PARENTS OF CHILDREN WITH JUVENILE IDIOPATHIC ARTHRITIS EXPRESS STRONG WILLINGNESS TO PAY FOR BIOLOGIC THERAPIES

Toronto, ON, Canada – Biologic therapies are an expensive group of drugs increasingly being used to treat inflammatory diseases in children and adults. Coverage in publicly-financed drug plans has been inconsistent and, at a cost of over $17,000 per year, these drugs can be prohibitively expensive for families with no drug coverage. Even families with private drug plans may face significant co-payments and deductibles which can affect use.

In a new study led by The Hospital for Sick Children (SickKids) in Toronto, Canada, researchers found that parents of children with juvenile idiopathic arthritis (JIA) were very willing to pay for biologic medications that would improve pain relief for the child and allow for better participation in daily activities. In fact, parents were willing to pay up to $2,080 more per month for biologics compared to standard treatment, a drug called methotrexate.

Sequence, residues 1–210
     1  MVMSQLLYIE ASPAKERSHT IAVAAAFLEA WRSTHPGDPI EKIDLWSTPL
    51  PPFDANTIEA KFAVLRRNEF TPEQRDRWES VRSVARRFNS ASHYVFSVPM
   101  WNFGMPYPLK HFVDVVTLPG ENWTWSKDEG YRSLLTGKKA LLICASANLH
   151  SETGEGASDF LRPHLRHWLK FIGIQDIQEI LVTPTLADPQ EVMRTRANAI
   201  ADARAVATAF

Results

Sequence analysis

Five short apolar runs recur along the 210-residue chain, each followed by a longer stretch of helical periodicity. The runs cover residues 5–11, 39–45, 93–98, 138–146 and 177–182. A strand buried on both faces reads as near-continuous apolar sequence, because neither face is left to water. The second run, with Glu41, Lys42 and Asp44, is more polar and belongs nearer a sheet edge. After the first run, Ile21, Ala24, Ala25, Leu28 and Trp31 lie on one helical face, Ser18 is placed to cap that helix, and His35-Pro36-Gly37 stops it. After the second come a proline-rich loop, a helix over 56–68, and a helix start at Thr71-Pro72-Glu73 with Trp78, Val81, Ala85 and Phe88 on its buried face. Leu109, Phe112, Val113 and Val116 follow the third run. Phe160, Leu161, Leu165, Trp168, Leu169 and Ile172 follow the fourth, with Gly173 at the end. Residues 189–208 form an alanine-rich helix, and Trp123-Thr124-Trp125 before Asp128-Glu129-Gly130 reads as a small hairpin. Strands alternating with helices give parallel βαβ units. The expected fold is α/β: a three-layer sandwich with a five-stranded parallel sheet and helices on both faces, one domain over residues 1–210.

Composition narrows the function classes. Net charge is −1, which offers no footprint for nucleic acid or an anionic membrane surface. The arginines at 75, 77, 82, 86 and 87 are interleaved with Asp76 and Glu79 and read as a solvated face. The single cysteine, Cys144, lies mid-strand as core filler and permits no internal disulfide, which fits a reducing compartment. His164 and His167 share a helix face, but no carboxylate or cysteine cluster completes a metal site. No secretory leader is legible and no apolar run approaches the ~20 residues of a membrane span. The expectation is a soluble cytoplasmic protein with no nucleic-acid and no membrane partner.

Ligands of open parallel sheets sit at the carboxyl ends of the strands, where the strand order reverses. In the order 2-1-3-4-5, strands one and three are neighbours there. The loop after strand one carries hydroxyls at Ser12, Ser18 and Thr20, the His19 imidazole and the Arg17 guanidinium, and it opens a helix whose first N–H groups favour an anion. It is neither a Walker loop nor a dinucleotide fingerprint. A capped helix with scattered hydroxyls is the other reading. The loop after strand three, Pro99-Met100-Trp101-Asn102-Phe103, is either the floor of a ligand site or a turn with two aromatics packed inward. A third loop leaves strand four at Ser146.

Juvenile idiopathic arthritis is characterized by inflammation of the joints. It is a debilitating disease affecting one in 1000 children causing pain and stiffness. When left untreated, JIA can lead to permanent joint damage and disability.

The study assessed parents’ willingness to pay for biologic and non-biologic drugs used to treat their child’s disease. The researchers conducted a survey of 105 parents of children with JIA to determine their preferences for treatment characteristics related to pain, participation in daily activities, side effects, days missed from school, drug administration, and cost.

“Understanding parents’ preference in terms of willingness-to-pay is essential for ensuring that our private and public health plans meet the needs of paediatric patients, and are equitable for all members of society. Treating children with disabling conditions with effective treatments early in the course of disease will enable these children to live healthier and happier lives as adults. Early intervention can also be very cost-effective over the long-term by reducing disability,” says Dr. Wendy Ungar, principal investigator of the study, and Senior Scientist in Child Health Evaluative Science at SickKids.

The full study, “Parents’ Willingness to Pay for Biologic Treatments in Juvenile Idiopathic Arthritis,” is published in Value in Health.

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